Golf Channel strike set to end in new agreement with IATSE union workers
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Golf Channel strike set to end in new agreement with IATSE union workers

Not a lot of cameras on Sunday at the Sony.

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The Golf Channel strike is over for scores of union behind-the-scenes technicians, cameramen, audio and utility folks and others who work live tournament broadcasts for the next week.

The strike, called last Saturday night by the union's IATSE representatives, lasted right about one week. The end result is a new, multi-year deal between the two sides which, assuming its ratification this week, will see the resumption of a fully professional broadcast for all four U.S.-based tours the channel handles from end-to-end most weeks.



Golfweek was first to report the agreement.

The IATSE bargaining committee is not unanimously recommending approval for members, but enough have sent a signal that this deal is good enough. However, the details of the agreement are unclear. What is known is the points of contention, including prior changes to the workday, a cut in health-care benefits, changes to compensation for travel and losing lunch breaks, as well general compensation and treatment compared to peers in the industry.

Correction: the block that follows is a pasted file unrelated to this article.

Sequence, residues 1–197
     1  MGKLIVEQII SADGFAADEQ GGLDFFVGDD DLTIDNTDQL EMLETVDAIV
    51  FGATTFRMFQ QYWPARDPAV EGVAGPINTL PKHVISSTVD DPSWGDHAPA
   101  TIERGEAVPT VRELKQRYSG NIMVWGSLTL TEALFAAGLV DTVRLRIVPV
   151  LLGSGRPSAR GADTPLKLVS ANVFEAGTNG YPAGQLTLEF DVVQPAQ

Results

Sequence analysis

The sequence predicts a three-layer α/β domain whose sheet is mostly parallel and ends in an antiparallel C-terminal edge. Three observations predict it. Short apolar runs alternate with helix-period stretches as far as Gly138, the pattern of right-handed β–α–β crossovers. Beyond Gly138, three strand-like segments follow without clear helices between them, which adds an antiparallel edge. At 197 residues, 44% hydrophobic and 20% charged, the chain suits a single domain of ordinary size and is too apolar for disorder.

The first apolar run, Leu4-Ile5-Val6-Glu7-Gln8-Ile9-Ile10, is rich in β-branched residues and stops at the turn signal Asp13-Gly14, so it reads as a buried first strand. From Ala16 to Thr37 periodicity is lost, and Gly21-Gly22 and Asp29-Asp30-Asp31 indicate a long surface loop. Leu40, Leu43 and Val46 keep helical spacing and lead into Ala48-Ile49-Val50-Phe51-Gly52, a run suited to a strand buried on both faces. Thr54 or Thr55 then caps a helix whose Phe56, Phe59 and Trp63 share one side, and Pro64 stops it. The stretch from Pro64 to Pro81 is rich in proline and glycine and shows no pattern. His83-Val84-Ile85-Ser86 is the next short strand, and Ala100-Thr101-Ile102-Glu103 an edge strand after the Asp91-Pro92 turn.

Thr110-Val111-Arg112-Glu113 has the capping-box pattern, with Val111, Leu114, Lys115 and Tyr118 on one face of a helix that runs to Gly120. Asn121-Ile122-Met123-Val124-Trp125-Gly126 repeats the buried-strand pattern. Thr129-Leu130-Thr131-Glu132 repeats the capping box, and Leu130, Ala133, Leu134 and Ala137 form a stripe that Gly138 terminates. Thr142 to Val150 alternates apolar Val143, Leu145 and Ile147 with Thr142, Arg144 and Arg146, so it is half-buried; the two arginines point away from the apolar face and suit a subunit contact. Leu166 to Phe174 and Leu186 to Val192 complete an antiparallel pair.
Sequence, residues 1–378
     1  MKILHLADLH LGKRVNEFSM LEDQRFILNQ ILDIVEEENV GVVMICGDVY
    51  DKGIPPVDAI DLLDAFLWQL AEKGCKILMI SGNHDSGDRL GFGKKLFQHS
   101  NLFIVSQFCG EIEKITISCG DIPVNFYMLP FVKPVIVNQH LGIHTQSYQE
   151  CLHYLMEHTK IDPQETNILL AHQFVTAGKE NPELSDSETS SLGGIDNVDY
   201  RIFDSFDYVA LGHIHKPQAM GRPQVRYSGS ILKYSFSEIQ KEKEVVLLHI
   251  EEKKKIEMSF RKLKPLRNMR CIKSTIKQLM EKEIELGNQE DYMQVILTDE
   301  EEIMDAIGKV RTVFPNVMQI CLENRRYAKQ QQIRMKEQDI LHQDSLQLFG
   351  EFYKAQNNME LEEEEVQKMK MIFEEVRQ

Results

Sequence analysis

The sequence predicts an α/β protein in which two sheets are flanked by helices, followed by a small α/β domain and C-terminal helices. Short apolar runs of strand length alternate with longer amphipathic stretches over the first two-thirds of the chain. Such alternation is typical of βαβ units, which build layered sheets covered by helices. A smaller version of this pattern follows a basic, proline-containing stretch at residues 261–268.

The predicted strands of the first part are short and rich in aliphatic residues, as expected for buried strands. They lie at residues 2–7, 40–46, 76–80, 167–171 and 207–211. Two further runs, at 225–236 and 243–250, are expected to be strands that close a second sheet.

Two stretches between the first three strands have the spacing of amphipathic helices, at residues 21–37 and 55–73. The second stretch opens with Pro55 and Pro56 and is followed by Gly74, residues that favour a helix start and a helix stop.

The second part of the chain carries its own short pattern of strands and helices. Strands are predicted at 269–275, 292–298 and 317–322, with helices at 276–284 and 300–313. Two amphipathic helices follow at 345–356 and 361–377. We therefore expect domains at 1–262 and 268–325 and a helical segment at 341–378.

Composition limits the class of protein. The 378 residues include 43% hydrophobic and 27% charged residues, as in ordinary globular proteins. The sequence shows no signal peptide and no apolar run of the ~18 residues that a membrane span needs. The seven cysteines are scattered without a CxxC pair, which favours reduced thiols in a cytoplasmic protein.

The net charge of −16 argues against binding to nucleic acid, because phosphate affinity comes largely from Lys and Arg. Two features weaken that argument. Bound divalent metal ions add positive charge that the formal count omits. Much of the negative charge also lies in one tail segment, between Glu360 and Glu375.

Beginning with this week's Farmers Insurance Open, however, the IATSE group wouldn't be the team for the network's PGA Tour telecasts. For PGA Tour events where CBS broadcasts weekend coverage, their personnel largely come in to handle the behind-the-scenes and technical components of the telecast, while Golf Channel and CBS on-air talent work together.

There had been thought the CBS Sports crew was considering a strike in solidarity with the IATSE crew, but the IBEW Local 1220 told their members on Facebook that wasn't an option without dire consequences. In a Facebook post, the group reminded members, “We do work for CBS, which is contractually obligated to the PGA (Tour) to provide early-round coverage, wherever it airs.”


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About the author

Ryan Ballengee

Ryan Ballengee is founder and editor of Golf News Net. He has been writing and broadcasting about golf for over a decade, working for NBC Sports, Golf Channel, Yahoo Sports and SB Nation. Ballengee lives in the Washington, D.C. area with his family. He used to be a good golfer.

Ballengee can be reached by email at ryan[at]thegolfnewsnet.com